Safety has top priority – also when it comes to legal issues.
Increased road safety and comfort as well as new mobility and logistics concepts – these are some examples of the chances experts see in automated and autonomous driving. “From a statistical point of view, about 90 percent of all accidents are caused by drivers, making human error the greatest accident risk nowadays”, says lawyer Klaus Schartel, who is – inter alia – responsible for questions relating to autonomous and connected driving at Daimler. “Automated vehicles have the advantage that they cannot be distracted and they do not get tired.”
Relieving stress on the driver is promising a great increase of comfort in situations where driving is not always joyful, for example in rush-hour traffic or traffic jams.
Great potential for the realisation of new mobility concepts
“Furthermore, automated and autonomous vehicle functions have a great potential for the realisation of new mobility concepts”, Schartel adds. “Under the collective term ‘Sharing economy’ car-sharing offers are being discussed, whereby the cars drive themselves to the customer.”
Klaus Schartel, Head of the unit Mergers and Acquisitions / Cooperations in the Daimler AG Legal Department
The technology is also very promising for the logistics branch. Systems are being developed that enable so-called “Platooning” – driving in convoy whereby several trucks driving close and connected to each another with the help of to an automatic control system. This saves fuel and space on the roads. Daimler Trucks has already demonstrated the diverse functions of Platooning on the road with the “Highway Pilot Connect” system.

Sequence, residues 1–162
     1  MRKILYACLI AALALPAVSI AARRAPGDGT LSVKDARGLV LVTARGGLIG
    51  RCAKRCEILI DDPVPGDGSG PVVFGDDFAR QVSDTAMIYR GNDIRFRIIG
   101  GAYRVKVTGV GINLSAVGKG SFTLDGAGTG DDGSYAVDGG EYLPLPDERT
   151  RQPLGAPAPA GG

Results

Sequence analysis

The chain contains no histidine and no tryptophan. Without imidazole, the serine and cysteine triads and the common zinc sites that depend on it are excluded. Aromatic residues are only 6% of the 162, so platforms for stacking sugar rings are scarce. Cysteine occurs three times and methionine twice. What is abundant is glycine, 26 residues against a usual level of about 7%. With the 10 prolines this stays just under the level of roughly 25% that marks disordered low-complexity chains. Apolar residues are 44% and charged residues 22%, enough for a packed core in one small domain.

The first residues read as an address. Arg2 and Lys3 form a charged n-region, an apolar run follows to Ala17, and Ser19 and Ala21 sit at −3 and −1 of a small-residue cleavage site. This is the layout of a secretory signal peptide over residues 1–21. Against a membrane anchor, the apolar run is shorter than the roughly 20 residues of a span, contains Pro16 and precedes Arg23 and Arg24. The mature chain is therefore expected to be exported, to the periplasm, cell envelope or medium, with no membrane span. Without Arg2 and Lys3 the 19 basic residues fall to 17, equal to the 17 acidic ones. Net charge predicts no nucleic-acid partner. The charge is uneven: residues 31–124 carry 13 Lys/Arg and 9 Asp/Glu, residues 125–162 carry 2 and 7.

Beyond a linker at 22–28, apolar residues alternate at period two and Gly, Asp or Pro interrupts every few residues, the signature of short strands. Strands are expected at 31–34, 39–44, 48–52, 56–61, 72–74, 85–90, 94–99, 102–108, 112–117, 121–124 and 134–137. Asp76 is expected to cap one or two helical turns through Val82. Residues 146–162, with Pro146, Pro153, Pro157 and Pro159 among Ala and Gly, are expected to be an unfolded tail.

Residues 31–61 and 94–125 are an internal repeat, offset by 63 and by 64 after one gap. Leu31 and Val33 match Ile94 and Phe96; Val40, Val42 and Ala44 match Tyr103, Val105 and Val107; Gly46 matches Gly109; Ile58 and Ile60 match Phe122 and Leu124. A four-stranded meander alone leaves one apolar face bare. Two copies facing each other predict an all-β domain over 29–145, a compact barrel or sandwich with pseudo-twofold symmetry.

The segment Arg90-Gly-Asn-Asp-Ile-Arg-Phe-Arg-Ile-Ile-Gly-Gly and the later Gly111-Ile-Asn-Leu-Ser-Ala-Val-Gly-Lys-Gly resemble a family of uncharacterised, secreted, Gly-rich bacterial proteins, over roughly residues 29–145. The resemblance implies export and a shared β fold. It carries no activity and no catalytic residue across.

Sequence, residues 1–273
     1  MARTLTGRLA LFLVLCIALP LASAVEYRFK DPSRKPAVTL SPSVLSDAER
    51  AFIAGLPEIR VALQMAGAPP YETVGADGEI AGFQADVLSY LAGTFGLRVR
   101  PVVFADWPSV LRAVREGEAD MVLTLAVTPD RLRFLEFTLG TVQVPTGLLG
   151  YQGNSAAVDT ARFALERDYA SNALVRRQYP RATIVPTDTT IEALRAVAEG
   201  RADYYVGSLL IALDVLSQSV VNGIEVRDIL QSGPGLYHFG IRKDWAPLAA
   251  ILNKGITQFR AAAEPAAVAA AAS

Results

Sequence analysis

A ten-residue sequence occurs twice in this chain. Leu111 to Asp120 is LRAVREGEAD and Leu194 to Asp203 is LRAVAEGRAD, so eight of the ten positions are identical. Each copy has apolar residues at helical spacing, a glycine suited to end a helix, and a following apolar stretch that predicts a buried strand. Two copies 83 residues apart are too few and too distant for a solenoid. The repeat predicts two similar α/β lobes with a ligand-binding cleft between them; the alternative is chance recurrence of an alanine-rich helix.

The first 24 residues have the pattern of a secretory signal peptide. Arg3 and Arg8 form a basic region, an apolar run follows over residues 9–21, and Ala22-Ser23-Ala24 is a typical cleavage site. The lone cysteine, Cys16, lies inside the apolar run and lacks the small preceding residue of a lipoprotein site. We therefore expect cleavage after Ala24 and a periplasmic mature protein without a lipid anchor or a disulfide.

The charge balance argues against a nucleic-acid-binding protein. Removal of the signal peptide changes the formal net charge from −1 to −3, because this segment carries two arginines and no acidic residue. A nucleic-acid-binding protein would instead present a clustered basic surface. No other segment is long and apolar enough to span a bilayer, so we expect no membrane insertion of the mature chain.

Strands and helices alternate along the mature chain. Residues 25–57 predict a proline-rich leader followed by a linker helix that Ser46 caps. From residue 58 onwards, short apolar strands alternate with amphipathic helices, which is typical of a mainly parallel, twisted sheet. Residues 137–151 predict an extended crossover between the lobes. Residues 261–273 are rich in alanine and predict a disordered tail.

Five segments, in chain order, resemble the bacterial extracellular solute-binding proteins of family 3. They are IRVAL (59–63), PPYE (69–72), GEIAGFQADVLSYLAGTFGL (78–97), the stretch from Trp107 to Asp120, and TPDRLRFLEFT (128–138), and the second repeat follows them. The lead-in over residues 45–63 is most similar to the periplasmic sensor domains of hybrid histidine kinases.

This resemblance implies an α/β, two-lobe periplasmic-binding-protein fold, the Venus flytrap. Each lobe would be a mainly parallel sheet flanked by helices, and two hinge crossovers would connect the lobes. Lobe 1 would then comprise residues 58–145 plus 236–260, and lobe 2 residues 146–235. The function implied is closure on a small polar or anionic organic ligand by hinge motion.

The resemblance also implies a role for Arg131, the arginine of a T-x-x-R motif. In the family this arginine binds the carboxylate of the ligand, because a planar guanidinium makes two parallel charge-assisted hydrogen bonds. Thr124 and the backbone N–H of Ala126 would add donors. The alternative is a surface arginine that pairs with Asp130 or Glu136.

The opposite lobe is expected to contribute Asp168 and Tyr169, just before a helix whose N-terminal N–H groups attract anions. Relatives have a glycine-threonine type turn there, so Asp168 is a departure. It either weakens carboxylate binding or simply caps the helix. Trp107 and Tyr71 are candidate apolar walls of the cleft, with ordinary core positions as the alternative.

Daimler pursuing a holistic approach
Daimler is accompanying the technical developments with a holistic approach. One focus lies on the legal aspects such as the question who is liable if an automated car is involved in an accident. “It is clear that at present, responsibility lies with the driver when he is supported by partial automated systems. He must still control the vehicle and intervene in case of an emergency”, Klaus Schartel states. “If the driver causes an accident, he or she is liable for the resulting damage, along with the owner of the vehicle. Manufacturers are responsible for damages that flow from product defects.” This three-pillar model is widely spread in Europe has proven itself in practice as it ensures a balanced distribution of risks as well as the protection of victims. It will also remain in place for the next development stages of automated driving.
If an autonomous vehicle is involved in an accident, it is important for those involved to know who caused the accident. In case of an accident, two pieces of information are required to determine this: was the system activated and if so, was it working properly. From a technical point of view, two solutions could contribute to legal certainty: “To avoid difficulties in providing proof, a simple driving mode memory would suffice”, states Schartel. “It registers whether an automated system was turned on or not. There should be a legal regulation on this, which we would welcome.” In order to reconstruct an accident, an event data recorder could collect the relevant data and save the data exclusively for this purpose.
Both mechanisms must be as data economical as possible, says Schartel, and meet high requirements regarding data protection and data security.
Safety as an indisputable requirement
As things currently stand, there are still various questions that need to be clarified on the road to autonomous driving. Within this context, there is an indisputable requirement for Daimler: “When discussing and thinking about possible products of the future, the safety of all road users has top priority. This is a premise that Daimler has always followed and which will also be maintained by the company in the case of autonomous driving. As lawyers at Daimler, we are involved even at an early stage in product development because safety and legal certainty go hand in hand.”